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Bustling, cosmopolitan Madrid. With bone-chilling winters and scorching summers it’s a destination that’s bound to be a bit uncomfortable weather-wise. However, with an incredible collection of art housed in the city’s main 3 museums, (The Reina Sofía, El Prado and the Thyssen-Bornemisza), there is plenty to distract you.
For modern art fanatics, The Reina Sofía is a must-see. Picasso’s masterpiece, Guernica is the museum’s main draw, but you’ll also encounter plenty of works by equally eccentric Salvador Dalí, Miró and Francis Bacon.
The Prado Museum is renowned for being Madrid’s biggest attraction and houses the finest works in Europe and owned by Spanish royalty. Likewise, the Thyssen-Bornemisza Museum displays the collection of another rich family; German-Hungarian industrial tycoons called the Thyssens. The Thyssen Museum is an extensive collection ranging from Medieval to Surrealism to Pop Art.
After you’ve soaked yourself in art and culture, head to the Royal Palace of Madrid, which is the third largest in Europe. Originally a Muslim fortress, it was burnt down in the 18th century and rebuilt in a very French and Italian style commissioned by King Philip V. The Spanish royal family doesn’t actually live here—they live in a separate mansion nearby, but the palace is still used for formal functions and state affairs.
Head to the heart of Madrid, the Puerta del Sol and its surrounding streets for everything from large department store like El Corte Inglés and FNAC to smaller clothing stores like MANGO. If you prefer to shop for food, go to Tienda Olivarero (C/Mejia Lequerica, 1) for a wide-selection of high-quality olive oil, Reserva y Cata (C/Conde de Xiquena) for specialty wines and Cacao Sampaka (C/Orellana, 4) for a seemingly endless supply of chocolate.
Being the capital city, and smack-dab in the middle of Spain, Madrid is a foodie’s paradise. It offers every regional style of Spanish cuisine, as well as delicious foreign food.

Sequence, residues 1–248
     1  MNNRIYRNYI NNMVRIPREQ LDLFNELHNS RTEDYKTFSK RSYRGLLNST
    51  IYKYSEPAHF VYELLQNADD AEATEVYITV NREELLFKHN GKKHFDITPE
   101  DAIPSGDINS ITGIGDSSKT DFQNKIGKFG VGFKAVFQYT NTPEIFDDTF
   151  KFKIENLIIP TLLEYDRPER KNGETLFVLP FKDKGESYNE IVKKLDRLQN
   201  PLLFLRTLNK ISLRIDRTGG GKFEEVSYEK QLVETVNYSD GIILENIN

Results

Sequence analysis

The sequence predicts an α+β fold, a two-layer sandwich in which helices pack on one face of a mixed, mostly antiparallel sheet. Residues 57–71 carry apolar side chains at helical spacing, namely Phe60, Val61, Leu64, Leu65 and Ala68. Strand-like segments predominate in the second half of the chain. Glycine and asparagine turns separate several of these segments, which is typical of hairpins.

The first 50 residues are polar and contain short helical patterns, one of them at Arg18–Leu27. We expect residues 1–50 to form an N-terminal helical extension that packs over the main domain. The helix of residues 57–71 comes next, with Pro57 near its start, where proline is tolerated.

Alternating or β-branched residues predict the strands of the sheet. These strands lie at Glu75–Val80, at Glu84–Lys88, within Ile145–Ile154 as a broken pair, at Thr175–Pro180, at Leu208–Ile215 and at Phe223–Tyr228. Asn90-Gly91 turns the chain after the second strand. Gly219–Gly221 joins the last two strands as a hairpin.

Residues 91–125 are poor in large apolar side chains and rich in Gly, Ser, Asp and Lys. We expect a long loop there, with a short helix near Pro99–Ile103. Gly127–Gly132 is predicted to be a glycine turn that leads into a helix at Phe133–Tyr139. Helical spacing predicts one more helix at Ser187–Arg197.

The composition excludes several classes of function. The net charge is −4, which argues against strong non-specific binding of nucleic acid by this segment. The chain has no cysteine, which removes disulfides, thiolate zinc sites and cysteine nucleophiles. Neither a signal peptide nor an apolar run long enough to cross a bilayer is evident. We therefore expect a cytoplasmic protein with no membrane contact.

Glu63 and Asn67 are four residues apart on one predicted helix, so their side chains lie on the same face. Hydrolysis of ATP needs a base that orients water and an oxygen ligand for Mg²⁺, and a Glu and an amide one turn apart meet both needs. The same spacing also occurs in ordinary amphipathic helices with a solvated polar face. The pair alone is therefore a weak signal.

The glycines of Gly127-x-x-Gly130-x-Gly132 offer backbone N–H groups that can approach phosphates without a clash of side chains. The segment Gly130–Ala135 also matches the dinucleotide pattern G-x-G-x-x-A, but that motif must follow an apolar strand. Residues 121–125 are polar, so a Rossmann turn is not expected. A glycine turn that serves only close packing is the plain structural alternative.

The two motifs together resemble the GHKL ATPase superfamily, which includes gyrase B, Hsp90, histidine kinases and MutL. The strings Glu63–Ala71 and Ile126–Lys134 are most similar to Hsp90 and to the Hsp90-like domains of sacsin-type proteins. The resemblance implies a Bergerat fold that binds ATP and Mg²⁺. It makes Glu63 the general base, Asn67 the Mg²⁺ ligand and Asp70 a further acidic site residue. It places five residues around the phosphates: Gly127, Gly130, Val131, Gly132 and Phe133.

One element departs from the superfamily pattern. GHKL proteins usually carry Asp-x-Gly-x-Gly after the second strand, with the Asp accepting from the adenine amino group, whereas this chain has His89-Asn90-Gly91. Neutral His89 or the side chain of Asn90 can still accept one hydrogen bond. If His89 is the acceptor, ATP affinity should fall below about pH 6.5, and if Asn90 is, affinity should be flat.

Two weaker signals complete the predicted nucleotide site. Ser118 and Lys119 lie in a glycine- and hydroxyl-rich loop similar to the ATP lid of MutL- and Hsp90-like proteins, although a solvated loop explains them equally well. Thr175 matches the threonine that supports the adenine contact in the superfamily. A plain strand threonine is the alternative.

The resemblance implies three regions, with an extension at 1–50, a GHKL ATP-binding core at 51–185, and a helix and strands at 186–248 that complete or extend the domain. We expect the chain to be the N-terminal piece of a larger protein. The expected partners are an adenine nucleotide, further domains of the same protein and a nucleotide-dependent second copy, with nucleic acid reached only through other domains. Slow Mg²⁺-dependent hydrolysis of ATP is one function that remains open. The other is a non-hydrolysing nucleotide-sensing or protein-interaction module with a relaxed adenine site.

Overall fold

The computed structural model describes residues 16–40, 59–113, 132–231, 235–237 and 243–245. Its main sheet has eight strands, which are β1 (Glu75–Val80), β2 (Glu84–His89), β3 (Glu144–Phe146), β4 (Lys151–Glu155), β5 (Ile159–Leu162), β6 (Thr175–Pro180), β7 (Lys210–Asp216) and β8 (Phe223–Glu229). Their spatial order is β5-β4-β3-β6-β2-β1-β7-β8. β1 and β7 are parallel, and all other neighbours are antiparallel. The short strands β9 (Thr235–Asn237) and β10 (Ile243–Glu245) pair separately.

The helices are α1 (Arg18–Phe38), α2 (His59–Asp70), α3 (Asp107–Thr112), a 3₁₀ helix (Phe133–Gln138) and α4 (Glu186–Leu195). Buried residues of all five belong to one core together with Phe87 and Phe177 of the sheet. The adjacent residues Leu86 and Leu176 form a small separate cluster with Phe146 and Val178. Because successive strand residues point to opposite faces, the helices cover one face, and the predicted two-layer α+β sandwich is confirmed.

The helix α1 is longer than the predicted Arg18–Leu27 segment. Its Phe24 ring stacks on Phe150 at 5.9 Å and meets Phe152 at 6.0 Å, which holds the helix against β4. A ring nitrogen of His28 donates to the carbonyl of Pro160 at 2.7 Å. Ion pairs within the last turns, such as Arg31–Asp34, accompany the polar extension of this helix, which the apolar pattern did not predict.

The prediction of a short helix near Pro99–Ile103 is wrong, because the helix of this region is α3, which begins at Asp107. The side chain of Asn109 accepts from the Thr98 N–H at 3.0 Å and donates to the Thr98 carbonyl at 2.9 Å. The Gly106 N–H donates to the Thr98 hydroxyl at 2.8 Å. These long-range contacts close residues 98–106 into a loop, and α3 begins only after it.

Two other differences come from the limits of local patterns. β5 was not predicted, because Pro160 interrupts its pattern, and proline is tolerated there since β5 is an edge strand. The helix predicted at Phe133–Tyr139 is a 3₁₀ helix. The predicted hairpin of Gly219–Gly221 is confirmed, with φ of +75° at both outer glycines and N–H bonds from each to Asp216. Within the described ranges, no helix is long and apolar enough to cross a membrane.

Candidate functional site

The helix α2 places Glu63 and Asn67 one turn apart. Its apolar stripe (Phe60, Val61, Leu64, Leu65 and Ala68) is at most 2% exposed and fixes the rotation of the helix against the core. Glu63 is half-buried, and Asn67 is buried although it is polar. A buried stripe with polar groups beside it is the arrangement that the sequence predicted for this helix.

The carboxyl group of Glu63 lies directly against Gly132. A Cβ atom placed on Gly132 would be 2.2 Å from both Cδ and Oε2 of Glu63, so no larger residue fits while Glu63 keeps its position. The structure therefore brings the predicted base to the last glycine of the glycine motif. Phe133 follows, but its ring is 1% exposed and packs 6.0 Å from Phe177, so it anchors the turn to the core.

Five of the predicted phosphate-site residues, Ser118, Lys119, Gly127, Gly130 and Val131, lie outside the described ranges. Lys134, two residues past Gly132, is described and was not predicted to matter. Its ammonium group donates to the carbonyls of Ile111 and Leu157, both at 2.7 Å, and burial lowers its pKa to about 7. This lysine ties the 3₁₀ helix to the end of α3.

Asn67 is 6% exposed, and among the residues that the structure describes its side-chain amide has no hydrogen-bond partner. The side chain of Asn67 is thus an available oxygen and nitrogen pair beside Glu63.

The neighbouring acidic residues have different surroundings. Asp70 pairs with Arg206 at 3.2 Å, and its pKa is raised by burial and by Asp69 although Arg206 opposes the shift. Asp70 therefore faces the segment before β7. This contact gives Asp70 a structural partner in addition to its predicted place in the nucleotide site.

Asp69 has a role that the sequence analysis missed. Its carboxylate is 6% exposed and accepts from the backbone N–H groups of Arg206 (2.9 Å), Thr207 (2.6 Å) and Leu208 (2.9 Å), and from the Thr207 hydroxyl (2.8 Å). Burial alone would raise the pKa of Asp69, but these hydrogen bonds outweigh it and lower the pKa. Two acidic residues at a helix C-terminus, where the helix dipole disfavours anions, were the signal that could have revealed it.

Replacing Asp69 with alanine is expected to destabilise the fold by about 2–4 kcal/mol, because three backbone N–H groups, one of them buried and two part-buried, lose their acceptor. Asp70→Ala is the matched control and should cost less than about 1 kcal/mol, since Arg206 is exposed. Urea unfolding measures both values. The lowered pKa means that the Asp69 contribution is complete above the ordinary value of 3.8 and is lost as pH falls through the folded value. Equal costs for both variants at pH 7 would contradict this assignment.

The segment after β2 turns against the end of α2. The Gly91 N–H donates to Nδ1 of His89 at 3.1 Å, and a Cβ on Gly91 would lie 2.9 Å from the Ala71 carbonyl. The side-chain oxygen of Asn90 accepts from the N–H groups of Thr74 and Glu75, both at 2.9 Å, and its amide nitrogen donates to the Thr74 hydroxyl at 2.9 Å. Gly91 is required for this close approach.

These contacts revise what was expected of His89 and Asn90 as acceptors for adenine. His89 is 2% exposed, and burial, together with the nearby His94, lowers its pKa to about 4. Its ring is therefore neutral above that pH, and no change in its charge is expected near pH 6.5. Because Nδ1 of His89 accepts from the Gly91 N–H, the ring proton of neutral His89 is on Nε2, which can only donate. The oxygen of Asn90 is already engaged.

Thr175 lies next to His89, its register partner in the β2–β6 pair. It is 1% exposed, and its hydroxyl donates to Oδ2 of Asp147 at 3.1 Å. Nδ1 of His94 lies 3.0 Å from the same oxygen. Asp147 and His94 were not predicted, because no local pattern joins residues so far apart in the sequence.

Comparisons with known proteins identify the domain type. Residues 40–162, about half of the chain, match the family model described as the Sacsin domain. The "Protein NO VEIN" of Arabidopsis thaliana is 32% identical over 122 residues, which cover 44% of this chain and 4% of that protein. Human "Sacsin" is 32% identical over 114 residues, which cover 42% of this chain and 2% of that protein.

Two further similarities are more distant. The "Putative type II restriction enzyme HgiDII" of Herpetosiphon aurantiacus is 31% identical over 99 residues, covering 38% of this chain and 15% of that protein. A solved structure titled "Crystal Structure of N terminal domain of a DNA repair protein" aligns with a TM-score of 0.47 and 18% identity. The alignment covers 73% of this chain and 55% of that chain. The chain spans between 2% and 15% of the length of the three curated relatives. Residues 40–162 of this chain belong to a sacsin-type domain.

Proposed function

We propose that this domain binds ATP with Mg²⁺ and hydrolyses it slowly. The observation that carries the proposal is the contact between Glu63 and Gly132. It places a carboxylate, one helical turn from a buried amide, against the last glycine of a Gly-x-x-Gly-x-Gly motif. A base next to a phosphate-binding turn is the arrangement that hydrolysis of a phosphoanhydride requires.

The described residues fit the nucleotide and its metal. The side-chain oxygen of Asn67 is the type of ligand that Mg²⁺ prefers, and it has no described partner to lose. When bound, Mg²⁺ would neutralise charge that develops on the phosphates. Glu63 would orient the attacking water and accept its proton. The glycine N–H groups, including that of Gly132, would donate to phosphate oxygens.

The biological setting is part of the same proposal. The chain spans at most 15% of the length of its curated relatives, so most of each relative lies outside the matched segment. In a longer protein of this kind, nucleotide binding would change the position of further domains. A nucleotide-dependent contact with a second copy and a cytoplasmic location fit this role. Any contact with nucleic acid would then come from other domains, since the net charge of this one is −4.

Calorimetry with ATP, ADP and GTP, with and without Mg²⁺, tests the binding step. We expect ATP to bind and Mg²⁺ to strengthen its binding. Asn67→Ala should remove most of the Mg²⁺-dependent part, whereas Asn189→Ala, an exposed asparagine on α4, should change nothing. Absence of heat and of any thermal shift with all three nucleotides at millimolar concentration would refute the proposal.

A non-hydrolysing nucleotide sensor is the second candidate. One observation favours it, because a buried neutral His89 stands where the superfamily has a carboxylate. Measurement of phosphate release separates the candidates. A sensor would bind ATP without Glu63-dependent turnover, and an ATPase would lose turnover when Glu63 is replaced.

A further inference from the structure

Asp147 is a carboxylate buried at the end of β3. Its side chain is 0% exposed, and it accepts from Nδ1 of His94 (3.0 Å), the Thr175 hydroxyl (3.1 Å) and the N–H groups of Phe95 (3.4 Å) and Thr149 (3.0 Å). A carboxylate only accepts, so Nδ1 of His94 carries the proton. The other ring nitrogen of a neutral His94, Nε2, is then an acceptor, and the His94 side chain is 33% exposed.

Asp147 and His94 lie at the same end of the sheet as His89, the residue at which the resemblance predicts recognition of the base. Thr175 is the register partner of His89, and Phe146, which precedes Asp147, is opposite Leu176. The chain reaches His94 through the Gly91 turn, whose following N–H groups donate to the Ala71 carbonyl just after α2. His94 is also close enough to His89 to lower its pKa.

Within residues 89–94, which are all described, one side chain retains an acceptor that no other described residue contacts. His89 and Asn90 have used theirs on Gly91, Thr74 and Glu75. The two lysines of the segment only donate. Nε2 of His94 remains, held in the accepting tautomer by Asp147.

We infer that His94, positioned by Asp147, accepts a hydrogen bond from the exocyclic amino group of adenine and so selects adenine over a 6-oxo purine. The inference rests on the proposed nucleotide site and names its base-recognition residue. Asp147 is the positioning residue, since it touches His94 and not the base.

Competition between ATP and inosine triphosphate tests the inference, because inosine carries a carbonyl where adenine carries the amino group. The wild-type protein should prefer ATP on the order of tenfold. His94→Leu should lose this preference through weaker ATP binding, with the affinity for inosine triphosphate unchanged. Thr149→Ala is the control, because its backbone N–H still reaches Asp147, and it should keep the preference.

To be really Spanish, you’ll need to sample a few of the local cafes for churros and café con leches. Luckily, there’s no shortage of cafes. Try Café de Espejo (Paseo de Recoletos, 31) for a cup of joe on the outside terrace or Café Gijón (Paseo de Recoletos, 21) for a summer terrace and a pretty interior while you get your caffeine fix.
For tapas, try the battered and fried bacalao (cod) at Casa del Labra on C/Tetuán 12 or the Museo del Jamón (Carrera de San Jerónimo, 8) to sample Iberian Ham. If you prefer a sit-down meal, go to El Botín (C/Cuchilleros, 17), which holds the title in the Guinness Book of World Records for being the oldest restaurant in Europe.
For an affordable, centrally located place to stay, book the top-floor room at Hostal Madrid. This room offers a terrace overlooking the Puerta del Sol neighborhood of Madrid and enough space to fit 4 people, as well as a kitchenette to cook in.
For the fashion-obsessed, a stay at Hotel Urban means access to the rooftop swimming pool+bar and designer rooms.
A more humble, but neat and comfortable is the Hostal Don Diego in the Salamanca neighborhood. Though it’s called a hostel, most hostales in Spain are well-kept hotels instead of crazy backpacker joints.
A beautiful place to come for the evening paseo is the Plaza Mayor. This large square, set away from main streets was designed as a public theater of city events. This is the spot where the awful autos-de-fé (trials of faith) occurred during the Spanish Inquisition, where kings were crowned, executions were well, executed, bull-fights were won and more. Though its history is dark, its present-day mix of touristy cafes and street performers is much more pleasant. Though, be sure to watch out for pickpockets and don’t eat in this square.
A day-trip to the stunning medieval town of Toledo should definitely be on your itinerary. It is a National Monument and UNESCO Patrimony of Mankind, and it’s old, winding streets and beautiful buildings remind one that Toledo is completely deserving of its status.
Toledo actually preceded Madrid as the capital of Spain, and was once the crossroad of Jewish, Moorish, Visigothic and Christian cultures. Make room to see the Alcázar, the Cathedral, the Judería (the old Jewish quarter) and the city itself bathed in floodlights at night.
Though Andalusia is the capital of flamenco, Madrid lays claim to brilliant flamenco artists as well as a flamenco festival in May. Try La Soleá (C/Cava Baja, 34) for an authentic peek into truly improvised flamenco as people pick up guitars or start joining in by singing or clapping their hands.
For pop and rock concerts by local artists, go to El Sol (C/Jardines, 3) and for opera, a show at the prestigious Teatro Real is worth the sometimes steep ticket prices.
Being oblivious to pickpockets. Keep your bags and purses zipped at all time and in front of your body, rather than hanging off the back. The petty thieves in Madrid are very good, and often will be long-gone before you notice your wallet is missing.